Stock Market Indices Accumulation Indices

When looking at the stock market today, we are highly likely to hear of the change in the broad price indices, probably the ‘All Ordinaries’ price index or the ‘S&P/ASX 200’ price index.

It is important to understand that these indices measure only price change. That means that they are measuring the capital gain or loss over a given period, forming all that speculators and other short term traders are primarily concerned about.

However, investing is quite different to speculating. Speculating is concerned with profit from short term price changes in stocks. On the other hand, investing is concerned with total return from stocks.

Total return is the net sum of dividends, imputed (or franking) credits and capital growth or decline over a period of time and frequently for a total portfolio of stocks.

For investors, the best measure that we have of total return is known as the accumulation index. It is also appropriately called the total return index by Standard and Poors, who calculate it for the ASX. Most private investors will not have heard of the accumulation indices and if they have, they will tend not to know what it is.

The difference between the price index and the accumulation index is simple - the accumulation index is the price index adjusted for the notional reinvestment of dividends as from the date each stock in the index is quoted on the ASX as ex-dividend. This is the date from which a buyer of the stock is not entitled to the latest dividend.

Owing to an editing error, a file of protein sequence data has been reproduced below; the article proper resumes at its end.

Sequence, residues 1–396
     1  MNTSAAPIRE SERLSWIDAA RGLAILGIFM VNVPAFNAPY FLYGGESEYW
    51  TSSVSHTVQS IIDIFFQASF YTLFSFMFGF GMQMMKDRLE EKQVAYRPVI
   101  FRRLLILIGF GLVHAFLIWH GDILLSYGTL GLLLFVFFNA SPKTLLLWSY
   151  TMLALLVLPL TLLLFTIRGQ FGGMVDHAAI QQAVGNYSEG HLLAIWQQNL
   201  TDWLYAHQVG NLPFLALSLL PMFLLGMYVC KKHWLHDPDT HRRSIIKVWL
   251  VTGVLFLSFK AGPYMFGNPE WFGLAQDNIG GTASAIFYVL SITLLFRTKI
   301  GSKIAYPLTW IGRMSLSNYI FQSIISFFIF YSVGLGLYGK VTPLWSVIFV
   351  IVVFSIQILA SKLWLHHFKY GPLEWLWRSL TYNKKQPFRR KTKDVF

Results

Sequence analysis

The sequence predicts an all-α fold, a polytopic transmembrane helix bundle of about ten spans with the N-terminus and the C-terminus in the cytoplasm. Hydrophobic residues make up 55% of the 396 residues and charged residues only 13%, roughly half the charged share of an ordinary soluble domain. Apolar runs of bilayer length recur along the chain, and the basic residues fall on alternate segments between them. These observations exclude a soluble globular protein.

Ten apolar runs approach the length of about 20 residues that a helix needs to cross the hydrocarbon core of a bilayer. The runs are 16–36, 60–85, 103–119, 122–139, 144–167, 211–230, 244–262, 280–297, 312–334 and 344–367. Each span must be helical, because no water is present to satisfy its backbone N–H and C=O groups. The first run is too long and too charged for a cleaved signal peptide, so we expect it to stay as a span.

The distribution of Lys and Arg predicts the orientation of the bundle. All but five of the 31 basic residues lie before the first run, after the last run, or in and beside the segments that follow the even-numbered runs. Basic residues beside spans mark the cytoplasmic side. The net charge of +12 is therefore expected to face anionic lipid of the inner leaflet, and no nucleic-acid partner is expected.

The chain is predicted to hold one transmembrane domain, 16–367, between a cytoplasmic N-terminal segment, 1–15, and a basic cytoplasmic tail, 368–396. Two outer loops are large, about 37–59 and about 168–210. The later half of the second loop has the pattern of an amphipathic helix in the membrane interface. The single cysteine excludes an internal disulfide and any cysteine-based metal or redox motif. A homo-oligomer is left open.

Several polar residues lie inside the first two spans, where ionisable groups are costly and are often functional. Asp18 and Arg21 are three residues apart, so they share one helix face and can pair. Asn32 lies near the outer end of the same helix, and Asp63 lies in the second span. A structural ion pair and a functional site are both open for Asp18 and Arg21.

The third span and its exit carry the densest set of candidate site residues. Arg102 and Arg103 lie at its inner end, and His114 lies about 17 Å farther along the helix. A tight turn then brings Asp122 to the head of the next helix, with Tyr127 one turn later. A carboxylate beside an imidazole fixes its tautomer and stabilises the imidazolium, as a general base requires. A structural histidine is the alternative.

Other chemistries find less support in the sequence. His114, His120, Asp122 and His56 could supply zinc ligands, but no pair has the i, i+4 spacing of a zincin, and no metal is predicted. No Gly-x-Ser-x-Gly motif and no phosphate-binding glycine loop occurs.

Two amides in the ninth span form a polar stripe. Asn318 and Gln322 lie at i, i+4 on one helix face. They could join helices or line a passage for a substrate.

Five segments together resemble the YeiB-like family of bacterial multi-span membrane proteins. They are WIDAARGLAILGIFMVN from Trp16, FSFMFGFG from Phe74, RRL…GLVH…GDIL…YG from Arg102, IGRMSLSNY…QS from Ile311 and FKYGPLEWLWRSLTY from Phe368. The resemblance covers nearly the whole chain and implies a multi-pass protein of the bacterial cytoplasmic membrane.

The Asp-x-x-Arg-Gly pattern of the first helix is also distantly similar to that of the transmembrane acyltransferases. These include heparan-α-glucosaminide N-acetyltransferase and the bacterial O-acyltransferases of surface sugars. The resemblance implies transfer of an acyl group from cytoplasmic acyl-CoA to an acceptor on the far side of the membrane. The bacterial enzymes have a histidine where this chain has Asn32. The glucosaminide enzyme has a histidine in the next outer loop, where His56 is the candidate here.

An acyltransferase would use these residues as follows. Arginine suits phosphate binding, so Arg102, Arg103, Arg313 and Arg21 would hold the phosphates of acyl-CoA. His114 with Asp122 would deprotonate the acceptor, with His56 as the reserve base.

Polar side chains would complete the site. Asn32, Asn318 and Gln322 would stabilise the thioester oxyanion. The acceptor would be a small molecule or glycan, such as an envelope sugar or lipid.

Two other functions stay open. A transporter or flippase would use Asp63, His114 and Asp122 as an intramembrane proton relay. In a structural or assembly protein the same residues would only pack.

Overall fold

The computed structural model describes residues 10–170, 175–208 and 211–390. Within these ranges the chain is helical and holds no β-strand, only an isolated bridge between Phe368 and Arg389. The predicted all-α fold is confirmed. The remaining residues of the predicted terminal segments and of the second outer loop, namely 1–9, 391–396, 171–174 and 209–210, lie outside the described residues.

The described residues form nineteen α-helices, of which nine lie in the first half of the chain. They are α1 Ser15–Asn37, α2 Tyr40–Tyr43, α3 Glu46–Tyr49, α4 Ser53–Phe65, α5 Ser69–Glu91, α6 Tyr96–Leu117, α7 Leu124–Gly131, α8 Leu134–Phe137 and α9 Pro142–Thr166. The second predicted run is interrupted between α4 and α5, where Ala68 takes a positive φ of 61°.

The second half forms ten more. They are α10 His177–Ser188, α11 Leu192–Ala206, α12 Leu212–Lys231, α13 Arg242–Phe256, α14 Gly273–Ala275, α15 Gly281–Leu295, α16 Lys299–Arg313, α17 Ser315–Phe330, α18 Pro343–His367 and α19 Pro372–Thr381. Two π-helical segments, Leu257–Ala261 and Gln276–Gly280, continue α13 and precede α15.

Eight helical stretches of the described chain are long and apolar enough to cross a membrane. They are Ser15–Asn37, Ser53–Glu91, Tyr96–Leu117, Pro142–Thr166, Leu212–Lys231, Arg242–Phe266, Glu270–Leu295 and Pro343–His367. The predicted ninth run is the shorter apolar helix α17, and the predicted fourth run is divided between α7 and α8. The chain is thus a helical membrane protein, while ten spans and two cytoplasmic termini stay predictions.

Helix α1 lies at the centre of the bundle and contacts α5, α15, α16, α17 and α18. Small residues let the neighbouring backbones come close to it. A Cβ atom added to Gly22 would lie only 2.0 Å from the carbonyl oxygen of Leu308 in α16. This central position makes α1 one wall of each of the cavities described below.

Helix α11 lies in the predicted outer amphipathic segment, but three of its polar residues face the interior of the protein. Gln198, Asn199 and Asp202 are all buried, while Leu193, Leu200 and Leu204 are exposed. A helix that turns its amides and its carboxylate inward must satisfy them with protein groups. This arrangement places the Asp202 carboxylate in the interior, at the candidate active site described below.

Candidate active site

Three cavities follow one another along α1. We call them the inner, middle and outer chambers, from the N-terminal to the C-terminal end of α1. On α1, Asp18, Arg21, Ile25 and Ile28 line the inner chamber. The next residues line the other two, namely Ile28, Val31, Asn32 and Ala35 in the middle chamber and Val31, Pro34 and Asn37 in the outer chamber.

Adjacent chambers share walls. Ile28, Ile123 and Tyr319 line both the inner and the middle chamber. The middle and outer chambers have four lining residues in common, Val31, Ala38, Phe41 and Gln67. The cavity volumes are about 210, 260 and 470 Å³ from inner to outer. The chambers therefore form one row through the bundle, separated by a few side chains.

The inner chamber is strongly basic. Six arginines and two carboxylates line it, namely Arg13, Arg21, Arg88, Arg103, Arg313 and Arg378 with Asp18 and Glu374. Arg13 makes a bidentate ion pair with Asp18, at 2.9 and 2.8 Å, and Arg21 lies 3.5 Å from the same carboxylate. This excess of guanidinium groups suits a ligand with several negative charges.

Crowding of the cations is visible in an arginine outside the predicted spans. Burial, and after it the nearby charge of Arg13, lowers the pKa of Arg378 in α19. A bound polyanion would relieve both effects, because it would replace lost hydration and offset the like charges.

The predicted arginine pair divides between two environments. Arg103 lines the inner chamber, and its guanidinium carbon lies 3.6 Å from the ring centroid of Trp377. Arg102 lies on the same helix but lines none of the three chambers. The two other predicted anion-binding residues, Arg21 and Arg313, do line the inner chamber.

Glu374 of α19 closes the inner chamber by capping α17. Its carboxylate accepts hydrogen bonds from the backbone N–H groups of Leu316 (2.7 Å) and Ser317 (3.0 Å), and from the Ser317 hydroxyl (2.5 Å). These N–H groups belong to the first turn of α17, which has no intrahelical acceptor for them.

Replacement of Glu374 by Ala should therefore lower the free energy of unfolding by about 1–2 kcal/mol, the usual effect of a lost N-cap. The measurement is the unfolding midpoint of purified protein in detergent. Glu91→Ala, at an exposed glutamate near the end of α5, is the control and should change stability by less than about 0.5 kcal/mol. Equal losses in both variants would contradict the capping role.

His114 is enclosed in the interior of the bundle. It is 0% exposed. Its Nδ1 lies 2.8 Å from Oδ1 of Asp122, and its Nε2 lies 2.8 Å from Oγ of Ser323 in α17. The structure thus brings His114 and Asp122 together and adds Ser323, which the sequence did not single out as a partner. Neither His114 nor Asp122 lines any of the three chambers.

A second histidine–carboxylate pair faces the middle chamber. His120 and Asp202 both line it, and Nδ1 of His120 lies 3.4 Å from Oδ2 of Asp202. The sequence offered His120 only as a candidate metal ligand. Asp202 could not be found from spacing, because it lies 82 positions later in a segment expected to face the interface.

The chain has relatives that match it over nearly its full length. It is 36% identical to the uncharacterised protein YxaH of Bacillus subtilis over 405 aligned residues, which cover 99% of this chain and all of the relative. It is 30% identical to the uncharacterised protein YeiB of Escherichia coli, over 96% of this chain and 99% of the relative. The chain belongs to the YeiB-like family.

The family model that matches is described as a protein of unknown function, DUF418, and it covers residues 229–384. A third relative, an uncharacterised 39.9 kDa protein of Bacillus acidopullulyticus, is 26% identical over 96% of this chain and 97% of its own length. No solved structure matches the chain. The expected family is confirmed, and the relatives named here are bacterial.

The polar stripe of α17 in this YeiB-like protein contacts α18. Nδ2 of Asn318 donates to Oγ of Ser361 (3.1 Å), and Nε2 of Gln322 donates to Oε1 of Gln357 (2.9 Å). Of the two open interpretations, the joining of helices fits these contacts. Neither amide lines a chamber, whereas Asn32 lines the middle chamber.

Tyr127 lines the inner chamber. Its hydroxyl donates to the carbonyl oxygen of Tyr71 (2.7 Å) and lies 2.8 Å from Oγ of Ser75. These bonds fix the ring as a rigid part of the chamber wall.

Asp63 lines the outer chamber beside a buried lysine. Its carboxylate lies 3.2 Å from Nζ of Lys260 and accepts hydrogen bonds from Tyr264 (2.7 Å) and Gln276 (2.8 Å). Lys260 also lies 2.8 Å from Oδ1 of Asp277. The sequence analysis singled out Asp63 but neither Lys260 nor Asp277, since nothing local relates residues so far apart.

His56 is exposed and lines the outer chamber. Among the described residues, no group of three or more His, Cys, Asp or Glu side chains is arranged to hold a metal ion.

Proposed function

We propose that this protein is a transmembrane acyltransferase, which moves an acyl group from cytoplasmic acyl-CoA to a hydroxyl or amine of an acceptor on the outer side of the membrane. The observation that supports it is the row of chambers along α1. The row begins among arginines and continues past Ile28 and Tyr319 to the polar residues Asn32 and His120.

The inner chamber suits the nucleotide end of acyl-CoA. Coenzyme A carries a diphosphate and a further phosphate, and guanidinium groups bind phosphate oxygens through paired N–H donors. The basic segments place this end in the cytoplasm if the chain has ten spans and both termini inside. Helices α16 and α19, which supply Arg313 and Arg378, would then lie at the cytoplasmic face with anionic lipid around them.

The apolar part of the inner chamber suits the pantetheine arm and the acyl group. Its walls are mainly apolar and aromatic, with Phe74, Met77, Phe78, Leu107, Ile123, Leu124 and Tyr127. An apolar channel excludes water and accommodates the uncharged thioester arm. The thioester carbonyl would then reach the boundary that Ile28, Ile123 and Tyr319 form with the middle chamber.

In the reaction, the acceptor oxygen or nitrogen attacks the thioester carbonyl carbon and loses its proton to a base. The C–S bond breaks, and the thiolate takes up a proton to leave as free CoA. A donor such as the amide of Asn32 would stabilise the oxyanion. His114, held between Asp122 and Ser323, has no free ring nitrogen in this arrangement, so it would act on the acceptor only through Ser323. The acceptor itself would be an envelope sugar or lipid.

Thus, the accumulation index is the best index we have to measure total investment return from stocks. The accumulation index is a good tool used by investors for assessing how their portfolio has performed relative to the general market.

However, accumulation indices are not perfect. They have two problems. Firstly, accumulation indices do not include imputed credits, probably because it is too difficult. Secondly, dividends cannot be reinvested until they are paid, which can be several weeks after the ex-dividend date. This means that accumulation indices will overstate return in respect of dividend reinvestment, but understate it in terms of the extent to which imputed credits are refunded to and reinvested by investors with low of zero tax rates.

That being said the accumulation indices are the best tool we have for assessing relative stock portfolio returns.

Colin Nicholson’s books: Building Wealth in the Stock Market and The Psychology of Investing may be purchased from Colin’s website and good bookstores). Contact Colin at or through his web site where you may join the list to receive his free email newsletter.

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